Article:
By: Don Allen Re: EHP Challenge - 1/7 I scanned in the following text mailed to me by Ange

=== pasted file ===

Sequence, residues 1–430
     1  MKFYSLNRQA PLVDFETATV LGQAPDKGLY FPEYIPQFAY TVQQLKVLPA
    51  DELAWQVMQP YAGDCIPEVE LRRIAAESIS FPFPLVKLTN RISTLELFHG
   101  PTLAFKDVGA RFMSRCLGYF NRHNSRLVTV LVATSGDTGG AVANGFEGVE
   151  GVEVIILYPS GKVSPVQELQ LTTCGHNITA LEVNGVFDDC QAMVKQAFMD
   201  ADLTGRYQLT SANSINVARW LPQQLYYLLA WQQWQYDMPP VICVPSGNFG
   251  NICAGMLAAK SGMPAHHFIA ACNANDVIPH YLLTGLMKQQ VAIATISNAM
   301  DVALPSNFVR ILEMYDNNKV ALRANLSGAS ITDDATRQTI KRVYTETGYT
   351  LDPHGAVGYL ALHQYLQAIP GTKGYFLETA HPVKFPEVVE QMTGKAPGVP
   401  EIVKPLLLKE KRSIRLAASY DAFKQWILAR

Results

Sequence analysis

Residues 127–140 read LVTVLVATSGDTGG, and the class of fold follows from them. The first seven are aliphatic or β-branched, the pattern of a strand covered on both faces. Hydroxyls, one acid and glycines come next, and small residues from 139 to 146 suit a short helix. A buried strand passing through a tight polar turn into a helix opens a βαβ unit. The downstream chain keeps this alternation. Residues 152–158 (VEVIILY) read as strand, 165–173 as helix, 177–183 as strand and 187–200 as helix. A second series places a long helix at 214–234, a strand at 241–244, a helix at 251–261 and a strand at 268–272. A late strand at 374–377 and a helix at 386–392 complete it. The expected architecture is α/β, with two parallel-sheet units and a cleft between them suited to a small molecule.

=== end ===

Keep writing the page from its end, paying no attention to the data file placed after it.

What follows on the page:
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By: Don Allen Re: EHP Challenge - 1/7 I scanned in the following text mailed to me by Angela Thompson, Research Coordinator for the Bigelow Foundation. This was in response to a request I posed to her regarding any info she might have handy about John Alexander, who is also a co-founder of PSI TECH and naturally, I'm interested to find out more about his earlier work. Thanks Angela! :-) This text concerns Mr. Alexander's 1989 challenge of the National Research Council's findings on "Enhancing Human Performance" . While not wholly focused on UFOs, I found it interesting background and worth sharing. Standard Disclaimer - --------------------- It is being posted for informational purposes only. I make -no- claims and you are free to do what thou wilt with it. :-) The underscore character '_' has been used to delineate emphasis in the original text. Note: The *original* NRC report that Mr. Alexander critiques is called "Enhancing Human Performance". It is shown in the 1989 copy as being available from: National Academy Press 2101 Constitution Ave.,N.W. Washington, DC 20418 I don't know if the data is still current, but the phone number listed in the article shows (202) 334-3313 . It gave 1989 prices of $22.50 for paperback and $32.50 for hard cover, so you'd need to call/write for more current prices. ========================================================================= A Challenge to the Report New Realities - March/April 1989 by Col. John Alexander, US Army, Ret. Is the National Research Council's 1988 report on Enhancing Human Performance another "Condon Report" ? More than 20 years ago, the U.S. Air Force commissioned the University of Colorado to study the issues concerned with unidentified flying objects (UFOs). This 1968 study came to be known by its chairman's name, Dr. Edward Condon, a well-known physicist who served as the director of the National Bureau of Standards from 1945 to 1951 and who had held several other important academic, industrial, and government posts. The Condon Report "officially" discounted the existence of UFOs. Predictably, the National Academy of Sciences convened a panel immediately after the report appeared that endorsed the report's findings and its methodology. Deputy Director of the Stanford University Center for Space Science and Astro-physics Dr. Peter Sturrock has noted, however, that whereas most prominent scientists, in their public statements, tend to downplay the significance of UFOs, many of them privately question the Condon Report and other official statements on the matter. These dissenting views were expressed to the House Committee on Science and Astronautics in 1968, and in subsequent books and book reviews of the Condon Report by Chiu, Hynek, Jacobs, Keuttner, McDonald, and others. Nevertheless, the Condon Report still stands today as the authoritative work in the field. During the two decades since its publication, the Findings of the Condon Report have been conveniently cited by anyone wishing to stop UFO research, who has only to refer to the report and explain, "The subject has already been evaluated and there is nothing to it." It's an easy way out for those nay-sayers because Dr. Condon's reputation is strong, the source of the commissioning lofty, and the report's conclusions so acceptable to conventional wisdom that few are willing to challenge it without some strong motivation. A recent report with similar lofty credentials has now been published in the field of human potential, and those of us who seek to employ the new techniques for training and education described therein, or wish to see the U.S. Army pursue many of the "New Age" ideas it investigated, will similarly have to fight to overcome the conclusions of this report. This will be especially true for those who are endeavoring to bring those techniques and thinking into use within traditional organizations, such as most military, commercial, or educational establishments. The name of the report is "Enhancing Human Performance" (EHP). It was prepared by the National Research Council (NRC) of the National Academy of Sciences under a contract from the U.S. Army Research Institute for the Behavioral Sciences (sometimes known as ARI), and published in 1988. The NRC's commission was to conduct a two-year study (at a cost of nearly $500,000) to review technologies being explored by the Army for enhancing human performance, including psychic research. The EHP Report found that virtually all further research in the selected areas of its inquiry would be worthless, except for sleep learning, which the committee concluded deserved a second look. In those areas in which they concluded that any benefits were, in fact, derived, these findings were attributed to some normal transfer mechanism, such as body language or extra attention to trainees, and not to the merits of the discipline reviewed. There was a very strong flavor of "nothing novel here" pervading the report. << cont >> --- FMail 0.94 * Origin: Mom,the fire's going, bring some more Cooper material (1:123/26.1) SEEN-BY: 102/2 138 752 850 851 852 890 891 943 1006 103/100 105/30 147/7 SEEN-BY: 170/400 202/1 209/209 710 232/16 273/10 290/627 396/1 640/75 @PATH: 123/26 4 301 19 396/1 209/209 102/2 851 890 ------------------------------------------------------------------------------ (4) Sat 17 Jul 93 21:54 By: Don Allen To: All Re: EHP Challenge - 2/7 St: ------------------------------------------------------------------------------ @EID:2da0 1af1aec0 @MSGID: 1:123/26.1@fidonet.org 6313378b @PID: FM 2.02 << cont from last >> The field of parapsychology was hit head on. As stated by EHP Committee Chairman John A. Swets at the press conference introducing the report, "Perhaps our strongest conclusions are in the area of parapsychology. The committee finds no scientific justification from research conducted over a period of 130 years for the existence of parapsychological phenomena." Despite such a wide- sweeping statement, nowhere does the report explain why the "130 years" was chosen. Certainly it is not representative of the dates relevant to the body of research they claim to have reviewed during the study. The EHP committee then went on to recommend that the "best work" ongoing in the field of parapsychology should be monitored. I'm not sure how the committee found those two statements to be internally consistent. On the one hand, they had disclaimed, in one broad stroke, over a century's worth of psychic investigation; on the other, they were concluding that the best of that discredited research should be monitored. Did they, or did they not, support further parapsychological research? Obviously, the findings and final report of the NRC's committee are not very comforting or acceptable to those of us who have worked in the field of enhancing human performance. The EHP committee's conclusions have been denounced by no less than the board of directors of the Parapsychological Association (PA) Inc., the international professional organization of scientists and scholars who study parapsychological, or psychic, phenomena (which may be defined as apparent interactions between the mind and the physical world, such as ESP, clairvoyance, and the like). The PA is an affiliate of the American Association for the Advancement of Science, and membership is attained only by formal approval of its council. The members of the PA were so outraged at what they considered to be distortions and outright errors in the EHP Report that they took the unusual step of commissioning a team to analyze the parts of the EHP Report referring to the work of PA members and to prepare a rebuttal. This rebuttal took the form of a formal 23-page report released late last year. I believe that the EHP committee's findings and statements regarding paranormal phenomena reveal a great deal about how it operated as a body and how it arrived at its findings. The weaknesses evident in the committee's conclusions on parapsychology were apparent across the whole range of areas studied. In this article, however, I focus only on the specifics of the committee's findings concerning parapsychology. Researchers in other areas-in particular biofeedback, accelerated learning, and neurolinguistic programming-have raised similar objections, although less formally than the PA report. My contentions concerning the parapsychological findings rest on matters relating to the underlying organization of the study's commission and to the composition of its board: namely, that some of it's members were known to be _a priori_ committed, strongly and publicly, to a negative position on the question they were appointed to evaluate objectively. What could have happened to lead the premier scientific body in the United States to proceed in this manner and to reach such conclusions? I was a briefer to the NRC committee members as they researched the EHP Report. I have served as chief of Advanced Human Technology for the Army Intelligence and Security Command (1982-84) and, during the preparation of the EHP Report, was director of the Advanced Systems Concepts Office at the U.S. Army Laboratory Command. I believe I am personally well qualified to review the committee's findings. I was aware of the EHP study from its inception in 1984, and I raised doubts about some of its proposed procedures when the contract was being let. From the Army's perspective, going to the NRC was a logical choice for evaluating the various novel approaches to enhancing human performance that the Army had already been exploring. As one of the world's largest training organizations, the Army was a likely agency to study the significance of these crucial techniques. Many organizations in the Army had already been experimenting with various techniques to enhance human performance, and frequently they had reported some very exciting results. For example, in using NLP modeling techniques, performance in pistol shooting was shown to be markedly improved, while training time and ammunition usage were reduced. Accelerated learning methods had been shown to lead to the acquisition of foreign-language skills in less time and with greater efficiency. Most of those findings were reported as anecdotal data based on subjective input from participants. It therefore made sense to try to determine objectively which of these techniques were worth pursuing on a coordinated basis. In order to get an independent evaluation of the Army's efforts in enhancing human performance, Army Deputy Chief of Staff for Personnel Maxwell Thurman (then a lieutenant general and later a full general and vice chief of staff of the Army) directed that a study be commissioned. << cont >> --- FMail 0.94 * Origin: Mom,the fire's going, bring some more Cooper material (1:123/26.1) SEEN-BY: 102/2 138 752 850 851 852 890 891 943 1006 103/100 105/30 147/7 SEEN-BY: 170/400 202/1 209/209 710 232/16 273/10 290/627 396/1 640/75 @PATH: 123/26 4 301 19 396/1 209/209 102/2 851 890 ------------------------------------------------------------------------------ (5) Sat 17 Jul 93 21:54 By: Don Allen To: All Re: EHP Challenge - 3/7 St: ------------------------------------------------------------------------------ @EID:edf1 1af1aec0 @MSGID: 1:123/26.1@fidonet.org 6313378c @PID: FM 2.02 << cont from last >> It was feIt by several in the top leadership of the Army that contracting such an august body as the NRC (which was established in 1916 (by the National Academy of Sciences to associate the broad community of science and technology with the Academy's purpose of "furthering knowledge and advising the federal government") would provide a credible report on which the stewardship of the public funds for Army research allocations in the field of enhancing human performance couId be based. If there were indeed "better ways of doing business," i.e., improving training, then substantiation was needed. The task of administering the contract fell to ARI. It was they who proposed that Dr. George Lawrence, a civilian army psychologist with a background in biofeedback, be assigned as the Contracting Officers Technical Representative (COTR). A COTR is normally an unbiased observer who does not participate in the study and who is there to ensure that the study is technically sound. Unfortunately for those who support enhanced human performance techniques, Lawrence was far from unbiased. He had a prior history in the field-which may be seen in the reference list of the EHP Report--of being firmly and publicly in opposition to several of the areas to be studied. In fact, in a previous assignment with the U.S. Defense Advanced Research Projects Agency (DARPA), Lawrence had been instrumental in the cancellation of funding for psychic ("psi") research at Stanford Research Institute (SRI). That was in late 1972, when SRI was working with famed psychic Uri Geller. To accomplish that end, Lawrence had gone to SRI with a well-known critic of the psi-research field, Dr. Ray Hyman, a psychology professor at the University of Oregon. After reviewing what they had observed there for DARPA and writing their internal memo, Lawrence and Hyman effectively killed DARPA's funding for SRI, which was the only government-supported research under way in that area at the time. Prior to the formal organization of the EHP board, Lawrence told me in personal conversation in 1984 that he was seeking approval from the NRC to get Hyman on the EHP committee, an effort at which he proved to be successful. The issue to be raised concerning the credibility of the EHP Report here is that the only person assigned to the committee who had had any previous familiarity with the parapsychological research literature was Ray Hyman -who was known from the outset to have his mind already made up. Hyman is a founding member of The Committee for the Scientific Investigation of Claims of the Paranormal (CSICOP)-or PsiCops as it is known in less friendly terms-the self-appointed vigilante committee that opposes parapsychological research. Hyman's personal views and CSICOP's position on psi research were undoubtedly known, through their many prior publications, to the leadership of ARI and to Lawrence at the time that he set about influencing the constitution of the committee. Thus, I questioned from the beginning the issues of "bias" and "objectivity" as they related to the committee's constitution. For it seems clear that Lawrence, and then Hyman and James Alcock (another charter CSICOP member and public critic of this research), proceeded on an intentional path to discredit the work in parapsychology. The background of the authors, as well as their "findings," speak for themselves in this regard. Early on, I discussed the bias of the EHP committee membership with Lawrence and his superiors. My aim was not to remove Hyman from the committee, but rather to include a researcher in the field (or at least a competent scientist who was more open-minded to the existence of parapsychological effects) to balance Hyman's views. The PA also expressed their concern to the NRC and offered to suggest other qualified members to get a more balanced representation on the EHP committee. Senator Claiborne Pell (D. RI), who has long been interested in matters concerning higher human potential, likewise requested that a fair and impartial hearing be afforded and suggested names of competent scientists who might offer a broader perspective. All of these cries fell on deaf ears, and the NRC made the final selection by processes not made public. It should be made clear that the EHP committee consisted, for the most part, of well-intentioned people. The problem was that they had had very little experience in the specific areas they were commissioned to examine. It was my impression in talking with many members of the EHP committee during the initial briefings that they had no real understanding of the technologies we were describing to them. Furthermore, several had a vested interest in maintaining a traditional approach, as "new" ideas might conflict with their standing in academic or professional fields. Dr. Peter Sturrock noted in 1977 that mainstream scientists generally made no public criticism of the Condon Report and labeled the subject "not respectable" or an "intellectual poison." But, wrote Sturrock, "a survey of members of the American Astronomical Society, which permitted members to express opinions under the cloak of anonymity, indicates that scientists are probably more interested in and open-minded towards [UFOs] than one would judge from their public statements." A similar dichotomy between public statement and private thinking may explain why the strong opposition of some critics to psi research has not been publicly contested by other scientists, who, according to the findings of several recent anonymous polls, have shown themselves to be inclined toward, or at least open to, the existence of psi phenomena and the validity of psi research. << cont >> --- FMail 0.94 * Origin: Mom,the fire's going, bring some more Cooper material (1:123/26.1) SEEN-BY: 102/2 138 752 850 851 852 890 891 943 1006 103/100 105/30 147/7 SEEN-BY: 170/400 202/1 209/209 710 232/16 273/10 290/627 396/1 640/75 @PATH: 123/26 4 301 19 396/1 209/209 102/2 851 890 ------------------------------------------------------------------------------ (6) Sat 17 Jul 93 21:54 By: Don Allen To: All Re: EHP Challenge - 4/7 St: ------------------------------------------------------------------------------ @EID:2c40 1af1aec0 @MSGID: 1:123/26.1@fidonet.org 6313378d @PID: FM 2.02 << cont from last >> Thus, I contend, the study began with a biased COTR, a biased commitee member, and a basically uninformed committee. Now let's explore how the committee functioned. The committee's operations comprised a series of early information-gathering briefings by expert witnesses and six meetings, for several days at a time, as a body. There was also considerable informal interaction among the committee members and the briefers, so that, early on, I was able to talk with nearly all the members. In addition, their various subcommittees made a total of ten site visits and conducted twelve additional briefings and interviews. For most of the time during the two-year period, the members of the committee continued to work at their regular occupations. Upon completion of the study, one or two members of each subcommittee wrote up the findings of their respective subject areas, which were then circulated to the other committee members for their approval-thus providing for consensus. Hyman admits he prepared the first draft of the report's chapter on parapsychology, but he claims that his version was twice as long and more comprehensive than what later appeared. This is somewhat explained by the NRC's internal editing process that cut Hyman's chapter down. (The entire EHP committee had a chance to review that version.) What happened next, however, to the committee's draft is startling and was only learned well after the report was published. At a meeting on human technology conducted by the Office of Technical Assessment, I and others had a chance to talk privately with Ray Hyman. He informed us that after the EHP commitee finished its draft, its work report was sent to two anonymous committees for review. Those anonymous committee members and the NRC staff further edited the report. Even Hyman does not know who those anonymous editors were. He stated that his draft, while very critical, did not contain the final report's sweeping castigation of all psi research. Nowhere does the published report mention or imply that anyone other than the people listed in that report participated in the preparation of it, even though the report was in fact edited at one stage by people who had not attended the briefings and meetings or studied the literature. Those anonymous editors had only the written input of the EHP committee and their own preconceptions on which to base their comments. I believe this to be an especially serious methodological flaw in the preparation of the EHP Report. As I mentioned previously, I was one of the initial briefers of the committee. Our intent was to give the group an overview of the topic areas and of what we had observed previously in the field. The subjects that I covered dealt primarily with published remote viewing data and psychokinesis. My psychokinesis material was based heavily on my research experience, particularly with macro-psychokinesis or metal-bending (PKMB): bending metal with little or no apparent physical force, due ostensibly to a psychic or mental effect. I personally noted at the time how increasing numbers of physicists and engineers are working in the psi field, in addition to those who actually call themselves "parapsychologists." By excluding physicists, engineers, and many other physical science professionals from the EHP committee, the NRC clearly failed to provide the wider range of expertise needed to explore an area that bridges both the behavioral and the physical sciences and that raises teleological questions concerning the very nature of reality. Study Chairman Dr. John A. Swets did an excellent job during this briefing phase of reminding the group that they were to keep an open mind on the topics that were to be examined. Ray Hyman, the only committee member to raise questions during my presentation, early on established himself as the group's expert on parapsychology, a position that the committee members appeared to be glad to relegate to him. He would become their spokesperson in this area of study from that day forward, which is strongly evidenced in the text of the final published report. Throughout the report's chapter on paranormal phenomena (pp. 169-208), a substantial amount of criticism is referenced to Hyman's prior publications. Thus, it is hard to conceive how this report could be considered unbiased when it was written by one with such a vested interest in supporting his previously stated positions-and whose position on the EHP committee provided him with an opportunity to dismiss so facilely the work of others critical to his own. Possibly the predisposition of the committee can best be seen in its comment on page 130 that "the claimed phenomena and applications range from the incredible to the outrageously incredible." The members then proceed to discuss the area of "psychic warfare" at some length-an area of applications that has been advanced by very few and is supported by very few others-as if these were mainstream inquiries in parapsychology. I admit, psychotronic weapons lack traditional scientific documentation, and I do not suggest that research projects be carried out in that field. Nevertheless, the EHP committee reached far to pick such fringes to denigrate the whole and gave these applications top billing in the committee statement. << cont >> --- FMail 0.94 * Origin: Mom,the fire's going, bring some more Cooper material (1:123/26.1) SEEN-BY: 102/2 138 752 850 851 852 890 891 943 1006 103/100 105/30 147/7 SEEN-BY: 170/400 202/1 209/209 710 232/16 273/10 290/627 396/1 640/75 @PATH: 123/26 4 301 19 396/1 209/209 102/2 851 890 ------------------------------------------------------------------------------ (7) Sat 17 Jul 93 21:54 By: Don Allen To: All Re: EHP Challenge - 5/7 St: ------------------------------------------------------------------------------ @EID:ec11 1af1aec0 @MSGID: 1:123/26.1@fidonet.org 6313378e @PID: FM 2.02 << cont from last >> One suggested military application, that of the "Warrior Monk," was distorted dramatically. A Warrior Monk, as apparently understood by the committee and as cited in the report, is one who would have theoretically mastered "almost all the techniques under consideration by the committee, including the use of ESP, leaving their bodies at will, levitating, psychic healing, and walking through walls." Yet the First Earth Battalion, from which this application was derived, was strictly a notional unit, a brainchild of Lt. Col. Jim Channon that allowed people to think boldly about _possibilities_. The Warrior Monk aspect of Channon's idea chiefly refers to the tradition of combining a spiritual quest with the martial arts, much like the tradition of the samurai. (Specifically, Channon's Warrior Monk would be taught holistic skills that are presently accessible, such as Aikido, proper nutrition, and accelerated learning techniques.) To my knowledge, Channon has never suggested, in any authoritative report, that in the present day we could and would train and field advanced meditators who could perform such feats as the committee described. The overall effect of the committee's introducing such "outrageously incredible" and scientifically unsupportable phenomena and applications such as the "anti-missile time warp," the "hyperspatial nuclear howitzer," and an inaccurate claim for the First Earth Battalion into the report's chapter on parapsychology is the provision of further fertile ground for sensationalistic journalists who seek to focus on examples of just how "far out" the Army has gone in its thinking-even when no serious consideration has ever been given to these applications. I believe this is far more damaging to the field of parapsychological investigation than the committee had meant it to be. Nevertheless, the members' decision to include "such colorful examples" as the "context for our agenda" has the subtle (even if it was unintentional) effect of encouraging the reader's suspicion of not only the phenomena presented in the chapter, but also parapsychology in general. Of even greater concern in the report's parapsychology chapter are the committee's omissions and inaccuracies. For example, the committee asserts on page 171 that "nothing approaching a scientific literature supports the claims for pyschotronic weaponry, psychic metal bending, out-of-body experiences, and other potential applications supported by many proponents." This is simply not true, as a number of reputable articles and books have been published that address out-of-body experiences and PKMB. The committee members should have been aware of the work of Hasted, Isaacs, Houck, Gabbard, Twemlow, and others who have published much credible work in PKMB and out-of-body experiences. Another specific error is the statement on page 185 that certain experiments in random number generation conducted at the Princeton University Engineering Anomalies Research Laboratory (see the book review of "Margins of Reality", page 65) had not been published in a refereed journal at the time of the survey. That is patently not true. As most researchers in the field know, those results have been widely published in several professional journals, including the "Proceedings" of the lnstitute of Electrical and Electronics Engineers (IEEE). The chairman of the parapsychology subcommittee was well aware of these publications and had actually published a rebuttal to the IEEE paper previously. Under the report's sub-heading "Discussion of the Scientific Evidence" (pp. 198-200), the committee distinguishes among three types of scientific criticism that it believes can be used to evaluate a given parapsychological finding, 1) the "smoking gun '-a specific flaw in the research's methodology that by itself can account for the observed finding and thus eliminate the need to propose psi as the cause; 2) the "plausible alternative"-wherein the critic asserts that the result could have been due to some ordinary (non-psi) explanation; and 3) the "dirty test tube"-wherein it is suggested that the results are suspect because "acceptable standards" were not maintained during the conduct of the experiment. The committee members conclude (p. 200), "We do not have a smoking gun, nor have we demonstrated a plausible alternative." They were therefore left with the "dirty test tube" argument; i.e., that there is some general inadequacy somewhere, that "the best parapsychological experiments fall short" of "the methodological adequacy that they themselves profess." Yet over the "past 130 years"-and long prior to the EHP Report-the experimenters the committee refers to have stated conclusively that they have, in fact, tightened the experimental designs based on prior criticism of their so-called lax protocols and that the data they reported are accurate and valid. Throughout the parapsychology section of the EHP Report, the committee referred only to those published articles that supported its position and ignored material that did not. The committee leaned heavily on a report by James Alcock, another CSICOP member, and selections from a report by John Palmer to substantiate its position, thus leaving the reader with the implication that its criticisms of _selected_ psi research methodology apply to _all_ reports in the paranormal field-which they clearly do not. << cont >> --- FMail 0.94 * Origin: Mom,the fire's going, bring some more Cooper material (1:123/26.1) SEEN-BY: 102/2 138 752 850 851 852 890 891 943 1006 103/100 105/30 147/7 SEEN-BY: 170/400 202/1 209/209 710 232/16 273/10 290/627 396/1 640/75 @PATH: 123/26 4 301 19 396/1 209/209 102/2 851 890 ------------------------------------------------------------------------------ (8) Sat 17 Jul 93 21:54 By: Don Allen To: All Re: EHP Challenge - 6/7 St: ------------------------------------------------------------------------------ @EID:ece1 1af1aec0 @MSGID: 1:123/26.1@fidonet.org 6313378f @PID: FM 2.02 << cont from last >> Of major concern is a committee-requested supporting report, by researchers Robert Rosenthal and Monica J. Harris, given to me by Dr. Edgar Johnson, technical director of the Army Research Institute (the group that funded the NRC study). Johnson confirmed that Study Chairman John Swets asked that this, the only _favorable_ report on a subject studied, be withdrawn from inclusion in the committee's supporting documentation because it was not of "high quality." In reviewing the report co-researched by Rosenthal, an extremely well-regarded Harvard social-science methodologist, I see no basis for such a questionable request. In addressing non-laboratory evidence for the existence of paranormal phenomena-that is, any human experience outside the laboratory that proponents judge to be convincing-the committee states (p. 202) that it is "wary" of using such concrete, personal experience as a basis for making conclusions. Accordingly, the report goes on to debunk entirely any evidence in support of the paranormal that the committee concludes must have been generated by "cognitive illusions and strong delusional beliefs," as opposed to evidence that strictly fulfills "scientific criteria." Using PK, or spoon-bending, "parties" as the principal example of how such "beliefs" operate, the committee dismisses the parties as both deception-conducive and bias-conducive, and "not the ideal situation for obtaining reliable observations." The main problem with this argument is that it fails to take into account reports by veridical sources, supported by photographic evidence, of PK. In private conversation with Ray Hyman, I mentioned a display of PK that I, along with numerous other highly skilled observers, had witnessed at close range. This involved a naive subject who held a fork by the lower end of the stem and did not touch the tines, and still the neck of the fork contorted a full 90 degrees and then moved back toward the original position. It ended at an angle of approximately 45 degrees. While this had not been conducted according to the strict protocols of a "scientific" experiment, nonetheless careful and critical observers all agreed the event had occurred as described. Hyman's response to me on this occasion was that, while many credible people may have truthfully reported such anecdotal experiences, he does not feel obliged to deal with any findings not appearing in the formal journals, no matter how impressive the reports. (On this point I agree with Braude and others who have argued that the journal literature's ignoring of evidence gathered outside the lab has the effect of missing much potentially significant evidence, in any scientific field.) I submit that this kind of qualitative evidence should indeed encourage further pursuit and investigation of the existence of psi events. The argument that, to prove the existence of psi, _all_ experiments' data must come from the laboratory and be replicable under _all_ circumstances is not valid. At present, we do not understand the phenomena well enough to establish all the parameters for experimentaton. Thus, to exclude observation of unique events because they are not accomplished in a laboratory setting is very short- sighted; to attack the veracity of the witnesses by suggesting that self- deception has occurred is not a scientific response, whether one is critically investigating psi research in general or conducting the EHP study, specifically. During an official site visit by the entire EHP commiItee, this time to the Cleve Backster laboratory, a significant anomalous event occurred while all were watching. The event was the production of an electromagnetic signal reflecting the emotional state of a speaker, who was in another room some distance from the sensor. Although there was no direct link-up between the speaker and the sensor, a dramatic and clearly visible shift was recorded. While Hyman found the tracing of interest at the time, no mention of the event appears in the report. I find this a cogent case-in-point in support of my assertion that, in investigating parapsychological phenomena, the committee selected to report on only those findings it wished to deride (such as psychotronic weapons) and omitted those that failed to support its conclusions, such as this event. This Backster event is not only a piece of evidence that the committee discarded without any specific reference to or general consideration of in its published report, but also one example of the "white crows" that abound in parapsychological research. lf a single flaw can be found in an experimental protocol, the entire experiment is totally discounted by the critics, while in conventional scientific experimentation only the flawed part of the experiment is rejected and a new, better protocol is recommended. Moreover, scientists in other fields often accept that anomalous events occur, even if they are not accompanied by a theoretical construct. As Michael Crichton, M.D., points out in his new book "Travels" (Knopf, 1988), although the physical evidence long and strongly suggested an evolutionary origin of species, it was not until Darwin published his theory that those data were accepted. --- FMail 0.94 * Origin: Mom,the fire's going, bring some more Cooper material (1:123/26.1) SEEN-BY: 102/2 138 752 850 851 852 890 891 943 1006 103/100 105/30 147/7 SEEN-BY: 170/400 202/1 209/209 710 232/16 273/10 290/627 396/1 640/75 @PATH: 123/26 4 301 19 396/1 209/209 102/2 851 890 ------------------------------------------------------------------------------ (9) Sat 17 Jul 93 21:55 By: Don Allen To: All Re: EHP Challenge - 7/7 St: ------------------------------------------------------------------------------ @EID:2cb0 1af1aee0 @MSGID: 1:123/26.1@fidonet.org 63133790 @PID: FM 2.02 << cont from last >> In the EHP Report, the committee observes that "many technique promoters" pay little attention to the research literature, "preferring an alternative route to invention; rather than derive a procedure from appropriate scientific literature, they create techniques from personal experiences, sudden insights, or informal observation of 'what works.' "Under this sequence, the committee says, "research follows rather than precedes the invention" and "science may enter the process after the technique is developed." The members would much prefer the traditional cycle in which a hypothesis is developed, followed by experimentation to prove or disprove it. While this latter approach makes for a nice, clean academic environment, in the real world, the "what works" sequence has led to numerous scientific and practical breakthroughs. Many inventions and training techniques have been developed from intuitive insights operating outside of the traditional peer-review system. To be sure, there is adequate reason to be prudent when investigating any new techniques and a need for careful review of quantitative and qualitative results by anyone or any committee responsible for evaluating the claims and findings associated with those techniques. But it is absolutely imperative that any such review process be constructed and executed in an unbiased manner, which, I contend, was not done in the EHP study. It was made clear to the committee members by those of us conducting the initial briefings that they were not being asked to evaluate the _conclusions_ of the research in the field of enhanced human performance, but only to address the value of the Army's continuing _work in_ and _further investigate_ these areas. I told them that it mattered not whether they were personally convinced of the existence of the various psi phenomena; their function was to determine whether further government research here was advisable or not. At present there is widespread reluctance within the general research community-and even more so among federal funders-to spend public monies to investigate topics for which they might be criticized. The memory of Senator William Proxmire's "Golden Fleece Award"- which was intended to ridicule appropriations of public funds for specious or spurious research projects-lives on as an easy way out for timid or fence-sitting administrators to inhibit potentially breakthrough research in many important "borderline" areas. By finding seven of the eight areas investigated in the report undeserving of further, major Army funding or research support, largely on the cited basis of inadequate "scientific evidence," the committee perpetuates the catch-22 dilemma underlying the intrinsic research/publication/funding relationship. On the one hand, as the members acknowledge on page 171 of the study, their "inclination is ...to restrict ourselves to the evidence that purports to be scientific" i.e., reported in refereed journals. But, at the same time, by cutting off further Army funding for research, they effectively restrict experimenters in the field from publishing in the very scientific literature that they cite as the standard for acceptance of their work! How is one to break this cycle? This dilemma is further complicated when the subject matter not only flies in the fact of existing doctrine, but is seen to threaten the very foundation of that belief. As one senior engineer once told me when I asked him to build a unique piece of equipment for me, "Don't tell me anything that says I have to re-learn physics, because I don't want to hear it." What, then, are we to conclude about the EHP Report? After all, it is the product of three years of effort and nearly $500,000 of the taxpayers' money (which is comparable to what is spent each year from all sources on psi research). First, it is significant that a determined group of psi debunkers could find no "smoking gun" and no "plausible alternative" to the psi hypothesis. We are thus left to judge the merits of the vague and unfalsifiable "dirty test tube" criticism. Second, we should worry about the fact that the highest scientific court in the land operated in such a biased and heavy-handed manner, and that there seems to be no channel for appeal or review of their work. What, we may ask, are they afraid of? Is protecting scientific orthodoxy so vital that they must deny evidence and suppress contrary opinion? Dr. Peter Sturrock reported that "any review of the UFO phenomenon to be published in one of the mainstream scientific journals must begin with a discussion of the Condon Report, explaining where and why the author disagrees with the findings of that report. Even more important, any proposal to the Air Force or any other federal agency requesting funds for UFO research must begin by explaining why the Condon Report is not to be accepted as the last word on the problem." This requirement persists despite the fact that the body of that report flatly contradicted many of its oft-cited negative conclusions. It now appears that the EHP Report, with all of its flaws, will be likewise considered impervious to criticism and is about to be enshrined in the scientific consciousness in a position all too similar to that of the Condon Report. ** End ** (C)1989 John Alexander. John Alexander earned his Ph.D. in thanatology (study of death and near-death experiences) under Dr. Elisabeth Kubler-Ross and previously served as president of the International Association for Near Death Studies. He spent 32 years in the regular Army, receiving many awards and medals, and reached the rank of full colonel. He is particularly interested in developing new ideas for training personnel that would improve human performance and lead to a better understanding of the nature of reality. He is co-authoring a book, "The Warrior's Edge" (Wm. Morrow, to be published in late 1989), based on his work in advanced human technology.